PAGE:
One sunny, Sunday morning, I walked down to a local bakery for a muffin. It was a beautiful day and I decided to sit at a table outside of the store and enjoy my treat right there.
A middle aged man walked up with a long haired dachshund. The dog was adorable–with curly, reddish brown fur and one blue eye and one green eye. He tied the dog outside and went in for his own bakery treat.
As the dog stood there waiting, he was alert and perky, looking up at everyone as they passed by. I watched as people pointed at the dog and smiled. Some stopped to bend down and pat his head. The dog wagged his tail in thanks, and generously smiled back in his own dog-like way. Everyone who interacted with him walked away smiling.
When the man returned, I said, “Cute dog”.
He replied, “Yes, and he knows it”.
I smiled and had to chuckle. It was a humorous thing to say, but I don’t believe the dog really knew he was cute. The dog was just being who he was–just being his confident, happy dog self–which is part of what made him so cute. His love for life and being present in each encounter brought himself and those who stopped to notice a small piece of joy that day. It made me think—the dog naturally knows and does what we all need to know and do ourselves:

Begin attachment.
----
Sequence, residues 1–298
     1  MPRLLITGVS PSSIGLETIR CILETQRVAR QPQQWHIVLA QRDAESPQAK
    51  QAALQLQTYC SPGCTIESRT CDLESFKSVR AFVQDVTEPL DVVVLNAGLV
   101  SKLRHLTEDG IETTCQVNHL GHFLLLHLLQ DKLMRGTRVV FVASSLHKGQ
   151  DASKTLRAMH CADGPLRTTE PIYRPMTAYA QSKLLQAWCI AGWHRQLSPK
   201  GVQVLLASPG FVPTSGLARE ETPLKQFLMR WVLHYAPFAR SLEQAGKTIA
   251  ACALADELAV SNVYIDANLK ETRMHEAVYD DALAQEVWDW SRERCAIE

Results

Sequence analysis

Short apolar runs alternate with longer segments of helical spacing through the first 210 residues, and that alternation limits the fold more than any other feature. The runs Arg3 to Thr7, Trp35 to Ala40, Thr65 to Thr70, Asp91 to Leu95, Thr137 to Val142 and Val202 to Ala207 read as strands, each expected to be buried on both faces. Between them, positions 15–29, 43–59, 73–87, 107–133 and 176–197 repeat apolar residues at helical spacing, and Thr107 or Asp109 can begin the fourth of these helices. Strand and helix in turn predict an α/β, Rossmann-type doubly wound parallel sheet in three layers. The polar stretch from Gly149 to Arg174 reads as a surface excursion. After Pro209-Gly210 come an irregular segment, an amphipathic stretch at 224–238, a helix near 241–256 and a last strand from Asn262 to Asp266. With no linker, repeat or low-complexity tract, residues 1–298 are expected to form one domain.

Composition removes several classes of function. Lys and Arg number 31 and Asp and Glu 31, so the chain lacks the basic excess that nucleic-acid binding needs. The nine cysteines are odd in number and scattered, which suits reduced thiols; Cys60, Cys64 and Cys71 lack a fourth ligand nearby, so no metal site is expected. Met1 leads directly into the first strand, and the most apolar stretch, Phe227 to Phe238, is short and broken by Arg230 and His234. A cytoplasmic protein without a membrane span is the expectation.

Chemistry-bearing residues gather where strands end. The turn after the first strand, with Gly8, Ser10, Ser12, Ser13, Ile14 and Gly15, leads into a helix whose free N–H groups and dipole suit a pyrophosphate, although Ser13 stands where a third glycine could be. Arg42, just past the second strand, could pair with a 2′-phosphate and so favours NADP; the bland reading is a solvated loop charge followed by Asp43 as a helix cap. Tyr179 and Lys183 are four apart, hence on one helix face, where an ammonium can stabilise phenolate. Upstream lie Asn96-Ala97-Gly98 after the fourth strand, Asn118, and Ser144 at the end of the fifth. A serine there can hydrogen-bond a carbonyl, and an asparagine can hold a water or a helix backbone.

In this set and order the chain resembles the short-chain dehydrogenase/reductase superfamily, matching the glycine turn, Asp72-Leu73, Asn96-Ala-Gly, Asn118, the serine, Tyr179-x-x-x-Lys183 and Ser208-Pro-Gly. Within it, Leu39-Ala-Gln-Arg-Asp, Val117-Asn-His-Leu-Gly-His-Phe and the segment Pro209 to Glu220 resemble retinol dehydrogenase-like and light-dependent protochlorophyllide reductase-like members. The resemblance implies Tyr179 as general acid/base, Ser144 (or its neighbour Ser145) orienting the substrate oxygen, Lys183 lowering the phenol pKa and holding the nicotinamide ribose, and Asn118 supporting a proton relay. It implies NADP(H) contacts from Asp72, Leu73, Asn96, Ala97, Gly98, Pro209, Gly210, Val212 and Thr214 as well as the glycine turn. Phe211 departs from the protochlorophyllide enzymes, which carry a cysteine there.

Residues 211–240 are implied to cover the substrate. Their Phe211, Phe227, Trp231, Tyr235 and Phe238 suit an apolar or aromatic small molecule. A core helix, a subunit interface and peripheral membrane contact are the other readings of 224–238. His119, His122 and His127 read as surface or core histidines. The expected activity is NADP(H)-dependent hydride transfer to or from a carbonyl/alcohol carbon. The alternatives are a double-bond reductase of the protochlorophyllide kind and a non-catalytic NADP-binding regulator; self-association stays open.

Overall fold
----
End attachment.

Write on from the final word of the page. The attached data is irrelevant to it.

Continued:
- To know and be who we are
- To be present with every encounter
- To graciously receive and express thanks for what others offer to us and generously give to others in return
Knowing and being who we are is a process that begins on the inside, which then radiates outward, spreading to those around us. When we have this deep knowing and are confident and comfortable with who we are, we can relax and be present with each moment. This creates an openness to give and receive more freely.
In this unsettling time of watching how fast a virus can spread, it has become clear how connected we all are. And in watching the dog that day, its hopeful to see how our positive behaviors and actions could potentially spread something good. One small, happy gesture–one wag of our tail–can have an impact, causing another to do the same, creating a ripple effect that spreads outward. And it all starts with the inner work of knowing and being who we are.
The dog naturally embodied these lessons. How good it would be for us to put them into practice as well.
3 thoughts on “Three Lessons From a Dog”
I love this Karin! Sending love and peace to you.
Thank you, Jessica! Sending you love and peace as well.
So “spot” on😄! It’s the Zen things like being in the moment, right where we are at, that are the most eye opening and revealing.
Peace be yours.
LikeLiked by 1 person